It's really personal how your body responds, and how you feel about it. Before I was pregnant I was training between 7 and 12 Hours a week running and biking, now I log time walking, swimming and cycling and I'm doing about 5:30, there's been a certain amount of letting go smile

bcmummy Sat 09-Jul-11 20:37:25

You should definitely keep doing some exercise - it is good for you and good for baby. You can basically keep doing whatever you are used to doing at the moment. But you also have to listen to your body - if you feel particularly awful one day, it won't do you any good to go out and exercise. It's ok to skip a day or 2! Make sure you stay hydrated, don't work out to the point of exhaustion and stop the crunches from the 2nd trimester on.

You should also definitely tell your instructor next time you are at the class. They won't make you stop going but they WILL be able to ensure that they give you safe options if some of the exercises are specifically contraindicated for pregnancy. Remember that your instructor is a professional and has a responsibility to keep you safe - he/she can only do that if they know your situation.

I am currently retraining as a fitness instructor and planning on specialising in prenatal and postnatal exercise - and am also 8 weeks pregnant with DC2. I have been absolutely fine to keep going with my normal exercise up until this week, but I have been feeling SO sick this week that I haven't done anything. I'm not stressing about it though as I know the rest was what my body really needed this week. Hopefully I'll feel up to getting back to it next week! Good luck with everything.

By the way, there are a couple of really good books on Amazon about safe exercise in pregnancy, if you are a keen exerciser they might be worth a look.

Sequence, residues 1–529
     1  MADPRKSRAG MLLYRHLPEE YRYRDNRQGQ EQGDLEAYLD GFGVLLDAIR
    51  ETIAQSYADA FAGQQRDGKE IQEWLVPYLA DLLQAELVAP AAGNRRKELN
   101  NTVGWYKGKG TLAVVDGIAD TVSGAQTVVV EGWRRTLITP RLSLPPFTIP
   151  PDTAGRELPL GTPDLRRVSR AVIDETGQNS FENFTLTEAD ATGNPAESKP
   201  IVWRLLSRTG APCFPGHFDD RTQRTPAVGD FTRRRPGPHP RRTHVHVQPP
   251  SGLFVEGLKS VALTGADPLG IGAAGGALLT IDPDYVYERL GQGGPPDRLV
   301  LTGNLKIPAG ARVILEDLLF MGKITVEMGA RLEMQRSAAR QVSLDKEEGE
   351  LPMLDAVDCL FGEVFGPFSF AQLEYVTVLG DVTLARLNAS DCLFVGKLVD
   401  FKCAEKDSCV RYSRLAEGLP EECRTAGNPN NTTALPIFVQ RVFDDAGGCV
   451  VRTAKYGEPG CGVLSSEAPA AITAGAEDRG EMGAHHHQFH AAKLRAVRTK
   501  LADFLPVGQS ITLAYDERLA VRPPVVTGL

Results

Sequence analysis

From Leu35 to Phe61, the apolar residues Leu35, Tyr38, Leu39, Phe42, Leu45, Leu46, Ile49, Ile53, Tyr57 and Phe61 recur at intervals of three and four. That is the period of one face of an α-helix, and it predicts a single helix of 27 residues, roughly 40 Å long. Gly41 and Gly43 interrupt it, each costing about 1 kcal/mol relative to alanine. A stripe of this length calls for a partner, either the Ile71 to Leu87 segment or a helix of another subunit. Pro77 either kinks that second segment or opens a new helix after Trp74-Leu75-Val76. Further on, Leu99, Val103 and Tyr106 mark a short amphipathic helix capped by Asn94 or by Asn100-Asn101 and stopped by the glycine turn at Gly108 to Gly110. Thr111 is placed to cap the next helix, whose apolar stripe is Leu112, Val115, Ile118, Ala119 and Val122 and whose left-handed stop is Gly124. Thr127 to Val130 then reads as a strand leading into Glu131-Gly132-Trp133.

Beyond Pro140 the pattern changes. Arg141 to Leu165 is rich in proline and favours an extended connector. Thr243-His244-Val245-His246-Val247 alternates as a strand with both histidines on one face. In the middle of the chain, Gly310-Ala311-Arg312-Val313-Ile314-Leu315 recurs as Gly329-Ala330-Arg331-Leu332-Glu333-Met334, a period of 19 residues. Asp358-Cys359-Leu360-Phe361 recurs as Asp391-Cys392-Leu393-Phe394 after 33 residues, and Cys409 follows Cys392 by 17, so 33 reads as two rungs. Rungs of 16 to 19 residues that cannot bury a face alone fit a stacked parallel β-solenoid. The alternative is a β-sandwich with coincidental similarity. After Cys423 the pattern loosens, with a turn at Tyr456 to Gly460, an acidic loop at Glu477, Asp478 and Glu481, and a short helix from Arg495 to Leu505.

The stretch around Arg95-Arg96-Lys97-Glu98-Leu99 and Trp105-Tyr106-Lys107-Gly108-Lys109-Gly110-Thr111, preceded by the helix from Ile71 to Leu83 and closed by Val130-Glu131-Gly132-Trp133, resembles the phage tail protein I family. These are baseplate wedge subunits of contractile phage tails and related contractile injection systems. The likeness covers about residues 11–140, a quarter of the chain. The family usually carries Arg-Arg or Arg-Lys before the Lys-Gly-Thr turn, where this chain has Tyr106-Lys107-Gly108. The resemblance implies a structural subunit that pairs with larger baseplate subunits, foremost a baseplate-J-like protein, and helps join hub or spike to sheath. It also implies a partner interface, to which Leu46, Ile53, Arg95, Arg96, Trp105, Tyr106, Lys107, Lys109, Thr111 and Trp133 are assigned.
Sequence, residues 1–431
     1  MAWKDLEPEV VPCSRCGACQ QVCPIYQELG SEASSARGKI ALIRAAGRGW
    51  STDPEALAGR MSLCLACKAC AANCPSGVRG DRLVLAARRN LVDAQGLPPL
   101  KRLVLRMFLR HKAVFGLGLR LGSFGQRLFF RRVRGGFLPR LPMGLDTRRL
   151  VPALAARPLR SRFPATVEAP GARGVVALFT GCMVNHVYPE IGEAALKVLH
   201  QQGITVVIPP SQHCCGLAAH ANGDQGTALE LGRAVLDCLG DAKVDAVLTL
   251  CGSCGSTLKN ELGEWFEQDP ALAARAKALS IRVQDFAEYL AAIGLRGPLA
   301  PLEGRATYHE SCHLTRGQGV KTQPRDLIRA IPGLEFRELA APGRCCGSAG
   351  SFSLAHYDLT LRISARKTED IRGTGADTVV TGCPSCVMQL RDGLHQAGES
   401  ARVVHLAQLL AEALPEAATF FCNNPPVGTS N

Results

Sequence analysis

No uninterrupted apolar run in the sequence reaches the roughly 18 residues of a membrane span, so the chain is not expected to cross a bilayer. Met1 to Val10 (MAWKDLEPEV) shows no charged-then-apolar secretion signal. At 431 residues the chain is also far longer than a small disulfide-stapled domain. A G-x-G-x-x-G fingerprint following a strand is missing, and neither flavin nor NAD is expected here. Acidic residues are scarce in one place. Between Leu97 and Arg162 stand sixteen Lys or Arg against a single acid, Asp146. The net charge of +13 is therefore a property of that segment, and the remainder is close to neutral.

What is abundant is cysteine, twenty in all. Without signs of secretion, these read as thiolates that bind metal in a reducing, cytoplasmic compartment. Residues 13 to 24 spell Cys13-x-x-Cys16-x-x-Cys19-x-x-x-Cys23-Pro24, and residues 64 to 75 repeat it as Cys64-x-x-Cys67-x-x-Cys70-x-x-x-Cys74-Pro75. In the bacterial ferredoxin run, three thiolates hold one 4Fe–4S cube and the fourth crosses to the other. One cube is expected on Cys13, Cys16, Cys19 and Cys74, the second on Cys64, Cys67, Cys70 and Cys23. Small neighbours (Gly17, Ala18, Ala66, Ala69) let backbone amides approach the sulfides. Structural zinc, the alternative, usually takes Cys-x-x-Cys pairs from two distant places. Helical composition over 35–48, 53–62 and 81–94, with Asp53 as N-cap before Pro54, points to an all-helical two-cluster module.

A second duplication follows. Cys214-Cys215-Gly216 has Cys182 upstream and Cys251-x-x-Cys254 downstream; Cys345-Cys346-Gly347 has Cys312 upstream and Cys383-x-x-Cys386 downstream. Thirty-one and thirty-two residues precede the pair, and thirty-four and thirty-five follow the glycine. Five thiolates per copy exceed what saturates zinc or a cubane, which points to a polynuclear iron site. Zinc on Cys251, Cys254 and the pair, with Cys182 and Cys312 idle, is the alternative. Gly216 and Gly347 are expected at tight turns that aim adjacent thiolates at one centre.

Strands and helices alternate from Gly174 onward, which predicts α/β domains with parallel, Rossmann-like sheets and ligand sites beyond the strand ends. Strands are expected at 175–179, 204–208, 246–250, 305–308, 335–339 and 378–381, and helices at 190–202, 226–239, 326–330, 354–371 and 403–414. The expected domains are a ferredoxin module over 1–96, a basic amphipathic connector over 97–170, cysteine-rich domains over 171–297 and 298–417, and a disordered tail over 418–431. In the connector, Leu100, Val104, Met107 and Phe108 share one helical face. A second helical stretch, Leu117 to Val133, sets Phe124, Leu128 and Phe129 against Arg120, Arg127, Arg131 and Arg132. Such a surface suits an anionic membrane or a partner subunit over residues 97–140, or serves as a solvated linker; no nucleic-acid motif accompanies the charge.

Meglet Sat 09-Jul-11 20:49:40

Exercise is fine, but if it feels too hard and makes you feel crap then slow down!

I 'kickboxed' until 20 weeks first time round but even then I only did a couple of push ups to everyone elses 20, skipped the crunches, sauntered through the shuttle runs and just did gentle kick pad practice, certainly no contact fighting! I also did dance, yoga and pilates during my pregnancies.

My gym instructor gave me a pregnancy gym routine during both my pregnancies and I was told in no uncertain terms it was about gentle maintenance, not pushing myself and only doing as much as I felt comfortable with.

By the end of both my pregnancies I was still doing a short 2 minute run on the treadmill, some weights and cycling.

If it makes you feel any better I was back at the gym (taking it very easy!)12 weeks after my cs's.

goodnightmoon Sat 09-Jul-11 21:42:03

you should tell your instructor. I took yoga in the first trimester of this pregnancy without telling the instructor (my yoga centre like many others recommends taking the first trimester off) and it was more hassle than it was worth to have to try to modify things myself, make excuses for not doing certain poses, etc.

also, don't kill yourself - do listen to your body and don't overdo. I ran until 30 weeks in my first pregnancy and got terrible SPD for the last several weeks of it. This time the SPD started flaring up at 14 weeks so now I'm really taking it easy, not through choice. Squats can really set it off too - but then only a small percentage of women get it at all - so not to worry! Frankly I wish I was out there running, I know it's awful feeling like you're just going to become a blob.

WishIWasRimaHorton Sat 09-Jul-11 21:47:16

overheating is bad, OP. and if you are feeling shite, ease off. really - it is doing you no favours. if you have time, go for a brisk walk (yeah - i know, it is NOT what you want to do, but it will probably ease the nausea)

i ran thru nausea when pg both times. with DS it was the pits. i would be running along dry-heaving. i went out one morning at 6am and started retching as i was running along the road. thought at that time in the morning i could just let it all out and not feel bad. and then the cows started bellowing back at me. hadn't realised what a racket i was making!

there was another time i was running along retching and a man walked out of his garden shed looking VERY alarmed. i was rather blush that time.

really - do what you can but don't push yourself. and certainly NOT IN THE HEAT....

allhailtheaubergine Sun 10-Jul-11 05:51:29

Funnily enough however shite I have been feeling, the hour exercising is the only time during the day I don't feel so bad.

GotArt Sun 10-Jul-11 06:02:32

I exercised throughout, although I stopped running at 6 months cause I could walk faster. grin I did pilates and yoga till the end... you'll know what exercises start to get uncomfortable and stop doing them. Don't over exert yourself, listen to your body, (ex: don't run through the pain), drink plenty of water and be sure to eat lots of protein and calories.

Congrats too.